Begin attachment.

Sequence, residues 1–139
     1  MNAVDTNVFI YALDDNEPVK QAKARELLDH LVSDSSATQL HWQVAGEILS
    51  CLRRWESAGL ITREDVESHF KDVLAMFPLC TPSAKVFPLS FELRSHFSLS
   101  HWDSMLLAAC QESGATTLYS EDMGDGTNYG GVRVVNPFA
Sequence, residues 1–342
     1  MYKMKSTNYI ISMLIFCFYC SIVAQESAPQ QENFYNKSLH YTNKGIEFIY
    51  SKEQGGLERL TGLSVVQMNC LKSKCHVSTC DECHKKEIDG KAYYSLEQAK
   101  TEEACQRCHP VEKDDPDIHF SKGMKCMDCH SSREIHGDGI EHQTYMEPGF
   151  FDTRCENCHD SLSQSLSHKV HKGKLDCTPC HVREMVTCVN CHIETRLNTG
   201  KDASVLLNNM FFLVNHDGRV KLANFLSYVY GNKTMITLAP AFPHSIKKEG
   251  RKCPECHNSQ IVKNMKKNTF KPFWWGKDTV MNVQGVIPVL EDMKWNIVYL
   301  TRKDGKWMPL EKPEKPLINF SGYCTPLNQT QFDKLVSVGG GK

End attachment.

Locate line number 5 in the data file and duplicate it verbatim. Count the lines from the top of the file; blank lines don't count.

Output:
Sequence, residues 1–342